William Shakespeare’s notorious play, Macbeth, is loaded with blood, regicide and war. For centuries audiences have been drawn to the violence of “the Scottish Play” and the rise and fall of the villainous Macbeth. Richard Yao immerses himself in the sanguine and violent world of Macbeth to shed light on the Bard’s goriest play. For centuries “the Scottish Play” has been a source of superstition and controversy, a notorious tragedy filled with ill omens and violence that has often spilled from the page into real life. That is not to say that the scene is not bleak on page either as bad weather, sedition and murder most foul collide in the wake of Macbeth’s regicide. As often as actors dread stepping on stage to act out the play, audiences often debate about the dubious morality of the titular hero who throws away everything for vain ambition. Macbeth personifies the treacherous nature of ambition through the violent ascension of his ambitions from victorious thane to bloodied king. Violence is at the core of the play and the plot relies on it to reach the calamitous conclusion.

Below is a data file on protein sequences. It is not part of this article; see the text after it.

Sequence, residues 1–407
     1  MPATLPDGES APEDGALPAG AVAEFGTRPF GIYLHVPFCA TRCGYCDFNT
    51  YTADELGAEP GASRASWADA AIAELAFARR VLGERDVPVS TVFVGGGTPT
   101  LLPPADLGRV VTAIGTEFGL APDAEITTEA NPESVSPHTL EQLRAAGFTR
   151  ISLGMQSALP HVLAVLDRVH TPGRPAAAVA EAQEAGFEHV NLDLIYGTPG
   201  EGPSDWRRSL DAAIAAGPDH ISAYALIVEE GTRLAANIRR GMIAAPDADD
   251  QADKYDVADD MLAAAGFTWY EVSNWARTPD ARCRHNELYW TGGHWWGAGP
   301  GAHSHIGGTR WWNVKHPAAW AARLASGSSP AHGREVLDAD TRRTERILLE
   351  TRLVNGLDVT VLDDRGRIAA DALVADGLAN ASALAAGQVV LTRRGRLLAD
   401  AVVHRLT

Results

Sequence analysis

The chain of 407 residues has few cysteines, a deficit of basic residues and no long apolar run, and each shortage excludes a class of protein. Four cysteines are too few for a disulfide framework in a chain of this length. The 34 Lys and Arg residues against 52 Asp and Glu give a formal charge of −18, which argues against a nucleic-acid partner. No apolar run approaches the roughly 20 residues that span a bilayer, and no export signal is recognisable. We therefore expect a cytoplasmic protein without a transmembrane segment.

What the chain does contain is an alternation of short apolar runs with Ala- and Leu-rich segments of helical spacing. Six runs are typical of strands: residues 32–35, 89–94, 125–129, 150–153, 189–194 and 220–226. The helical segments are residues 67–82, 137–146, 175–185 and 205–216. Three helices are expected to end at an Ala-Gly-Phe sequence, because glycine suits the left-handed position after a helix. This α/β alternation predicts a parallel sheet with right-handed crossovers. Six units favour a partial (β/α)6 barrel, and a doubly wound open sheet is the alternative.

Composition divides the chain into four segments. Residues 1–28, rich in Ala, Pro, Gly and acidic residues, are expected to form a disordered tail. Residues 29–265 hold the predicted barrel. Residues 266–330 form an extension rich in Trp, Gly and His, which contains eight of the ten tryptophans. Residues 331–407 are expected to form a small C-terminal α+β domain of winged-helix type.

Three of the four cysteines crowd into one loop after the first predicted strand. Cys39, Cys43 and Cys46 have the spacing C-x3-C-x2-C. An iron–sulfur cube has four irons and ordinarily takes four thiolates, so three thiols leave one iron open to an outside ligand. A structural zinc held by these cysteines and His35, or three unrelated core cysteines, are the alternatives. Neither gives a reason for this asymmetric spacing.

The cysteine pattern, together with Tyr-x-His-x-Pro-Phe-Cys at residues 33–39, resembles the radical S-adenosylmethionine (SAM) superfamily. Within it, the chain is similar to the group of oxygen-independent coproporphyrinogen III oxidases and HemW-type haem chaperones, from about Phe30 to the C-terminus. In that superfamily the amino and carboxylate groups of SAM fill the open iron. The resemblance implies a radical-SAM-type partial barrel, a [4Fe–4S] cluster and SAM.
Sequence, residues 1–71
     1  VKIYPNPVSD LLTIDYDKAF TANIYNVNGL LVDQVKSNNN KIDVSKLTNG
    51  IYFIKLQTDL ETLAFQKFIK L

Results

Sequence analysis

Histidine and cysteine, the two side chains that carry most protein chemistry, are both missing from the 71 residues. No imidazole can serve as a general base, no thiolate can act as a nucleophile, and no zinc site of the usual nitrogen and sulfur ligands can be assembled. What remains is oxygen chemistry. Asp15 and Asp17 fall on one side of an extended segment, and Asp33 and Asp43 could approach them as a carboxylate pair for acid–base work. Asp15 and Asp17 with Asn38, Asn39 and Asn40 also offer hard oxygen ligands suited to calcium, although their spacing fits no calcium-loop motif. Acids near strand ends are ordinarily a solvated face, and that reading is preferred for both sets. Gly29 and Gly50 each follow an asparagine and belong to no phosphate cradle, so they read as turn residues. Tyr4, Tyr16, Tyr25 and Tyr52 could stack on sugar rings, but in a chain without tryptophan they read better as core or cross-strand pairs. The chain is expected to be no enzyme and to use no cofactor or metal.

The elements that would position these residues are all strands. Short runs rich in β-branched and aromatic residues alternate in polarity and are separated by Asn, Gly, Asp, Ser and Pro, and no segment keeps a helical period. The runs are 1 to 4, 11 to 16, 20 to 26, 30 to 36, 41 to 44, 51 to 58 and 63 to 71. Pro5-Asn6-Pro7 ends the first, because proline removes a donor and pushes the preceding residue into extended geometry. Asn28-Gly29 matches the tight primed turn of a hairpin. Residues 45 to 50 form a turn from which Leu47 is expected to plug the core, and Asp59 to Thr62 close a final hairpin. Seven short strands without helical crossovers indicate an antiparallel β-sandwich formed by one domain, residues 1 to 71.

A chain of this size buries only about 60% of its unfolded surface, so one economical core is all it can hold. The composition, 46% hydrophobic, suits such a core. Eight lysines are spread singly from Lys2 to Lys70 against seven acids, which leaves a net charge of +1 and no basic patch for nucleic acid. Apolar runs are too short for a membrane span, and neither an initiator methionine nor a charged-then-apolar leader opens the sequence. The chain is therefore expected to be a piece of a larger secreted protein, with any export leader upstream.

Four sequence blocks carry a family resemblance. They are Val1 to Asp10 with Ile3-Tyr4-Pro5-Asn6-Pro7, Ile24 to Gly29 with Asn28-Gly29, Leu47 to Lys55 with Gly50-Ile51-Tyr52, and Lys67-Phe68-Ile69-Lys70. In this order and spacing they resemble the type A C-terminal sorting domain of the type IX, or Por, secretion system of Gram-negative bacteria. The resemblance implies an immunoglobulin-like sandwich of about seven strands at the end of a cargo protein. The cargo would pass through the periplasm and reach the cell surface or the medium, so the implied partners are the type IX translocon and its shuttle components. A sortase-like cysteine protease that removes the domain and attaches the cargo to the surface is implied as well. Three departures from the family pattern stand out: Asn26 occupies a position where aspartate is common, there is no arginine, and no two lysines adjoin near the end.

The Acceptable and Criminal
The “Scottish Play” dips into the pool of violence and leaves us with two types of violence; the acceptable and the criminal. Both filled with blood and gore, they are different from one another. The acceptable is too be expected, when a battle is served, blood and deaths are served along with it. It is the inevitable, it is inescapable. The